We aim to understand how genome defense systems and epigenetic silencing phenomena shape and maintain eukaryotic genomes and "epigenomes". Epigenomes are the sum of differential DNA or protein modifications that result in heritable chromatin states not encoded in the DNA sequence. Posttranslational modifications of chromatin proteins play an important role in all aspects of eukaryotic gene regulation. Evidence from cytological, biochemical and genetic studies suggests that transcriptionally silent "heterochromatin" is distinct from active "euchromatin" in both DNA composition and epigenetic modifications. In many eukaryotes, constitutive heterochromatin is predominantly assembled from repeats of active or mutated transposable elements (TEs) and thus appears to result from the action of genome defense and gene silencing systems. Extended, constitutive heterochromatic regions are associated with centromeres, telomeres and ribosomal DNA repeats, but short dispersed regions of constitutive heterochromatin are common in many organisms, including filamentous fungi. While heterochromatic regions have been assigned structural functions, e.g. as spindle attachment points during cell division, relatively little is known about their evolutionary roles. We address evolution and function of constitutive heterochromatin by comparative biology, using fungi as our model systems. Centromeric DNA and its associated proteins undergo accelerated evolution, but the underlying mechanisms are unresolved. Closely related filamentous fungi (e.g., Neurospora crassa, Fusarium, and Zymoseptoria species) serve as excellent models to study the basis for this phenomenon because they exhibit strikingly different amounts and distribution of heterochromatic regions in their genomes. Functional studies with strains defective in heterochromatin assembly and maintenance yielded insights into the different functions of histone methylation (e.g., histone H3 methylation on lysine 9 vs. lysine 27). We developed high-throughput methods useful for the investigation of genome-wide epigenetic regulation, including ChIP-seq, RNA-seq and Hi-C applied and optimized for application in several genera of fungi. Our current focus is on the control and function of histone H3 lysine 27 methylation (a project funded by NSF grants MCB1515998 and MCB1818006). Other projects are underway: (1) Studies to elucidate epigenetic modifications and chromatin composition of centromeres, and (2) mechanistic studies on genome stability controlled by interactions between histone modifications.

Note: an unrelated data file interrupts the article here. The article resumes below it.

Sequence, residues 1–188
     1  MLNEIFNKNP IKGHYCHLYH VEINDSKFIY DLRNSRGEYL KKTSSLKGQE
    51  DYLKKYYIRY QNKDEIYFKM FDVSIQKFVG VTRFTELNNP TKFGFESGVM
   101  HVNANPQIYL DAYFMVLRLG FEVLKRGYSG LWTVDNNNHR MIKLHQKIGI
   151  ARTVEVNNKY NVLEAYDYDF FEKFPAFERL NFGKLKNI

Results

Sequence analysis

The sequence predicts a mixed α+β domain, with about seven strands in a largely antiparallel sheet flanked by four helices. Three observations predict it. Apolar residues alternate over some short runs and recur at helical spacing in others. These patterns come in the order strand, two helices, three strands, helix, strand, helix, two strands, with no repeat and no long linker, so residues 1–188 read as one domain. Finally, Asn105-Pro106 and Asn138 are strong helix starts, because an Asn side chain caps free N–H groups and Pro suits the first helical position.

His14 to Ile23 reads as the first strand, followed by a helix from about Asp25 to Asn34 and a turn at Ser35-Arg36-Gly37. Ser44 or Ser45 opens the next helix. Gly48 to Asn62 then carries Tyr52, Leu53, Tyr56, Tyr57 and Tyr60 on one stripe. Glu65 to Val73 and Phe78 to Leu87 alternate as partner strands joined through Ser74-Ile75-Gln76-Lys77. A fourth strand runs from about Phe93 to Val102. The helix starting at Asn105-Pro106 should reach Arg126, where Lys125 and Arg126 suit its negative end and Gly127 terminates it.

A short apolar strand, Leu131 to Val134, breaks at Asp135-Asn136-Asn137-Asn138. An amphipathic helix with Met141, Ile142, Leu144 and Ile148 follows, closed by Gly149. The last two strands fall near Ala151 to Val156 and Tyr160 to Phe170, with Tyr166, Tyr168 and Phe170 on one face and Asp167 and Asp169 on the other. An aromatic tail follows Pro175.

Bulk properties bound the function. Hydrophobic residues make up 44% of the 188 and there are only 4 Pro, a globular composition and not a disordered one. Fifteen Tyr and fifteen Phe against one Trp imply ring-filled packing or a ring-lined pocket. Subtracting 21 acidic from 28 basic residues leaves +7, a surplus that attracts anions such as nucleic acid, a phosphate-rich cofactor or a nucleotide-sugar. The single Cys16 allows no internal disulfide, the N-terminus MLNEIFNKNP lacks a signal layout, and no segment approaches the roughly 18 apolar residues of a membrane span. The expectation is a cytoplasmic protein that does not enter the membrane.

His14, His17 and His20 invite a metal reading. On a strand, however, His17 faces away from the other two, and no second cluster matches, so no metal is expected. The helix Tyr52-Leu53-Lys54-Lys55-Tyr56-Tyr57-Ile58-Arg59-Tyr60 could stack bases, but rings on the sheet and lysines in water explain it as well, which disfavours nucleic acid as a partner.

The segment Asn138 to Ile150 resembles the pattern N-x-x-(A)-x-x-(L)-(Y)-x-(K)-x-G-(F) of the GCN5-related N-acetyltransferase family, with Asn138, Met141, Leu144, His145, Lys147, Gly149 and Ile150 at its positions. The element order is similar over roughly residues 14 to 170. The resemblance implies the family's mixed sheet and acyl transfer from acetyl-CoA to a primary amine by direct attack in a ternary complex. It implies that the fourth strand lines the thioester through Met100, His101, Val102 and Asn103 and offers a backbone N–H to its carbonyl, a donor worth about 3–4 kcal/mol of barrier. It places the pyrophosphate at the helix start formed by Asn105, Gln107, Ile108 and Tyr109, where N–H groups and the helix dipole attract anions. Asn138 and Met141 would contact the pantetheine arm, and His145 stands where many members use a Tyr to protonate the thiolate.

- Gene Silencing
Ph.D. 1996, Oregon Graduate Inst. of Science & Technology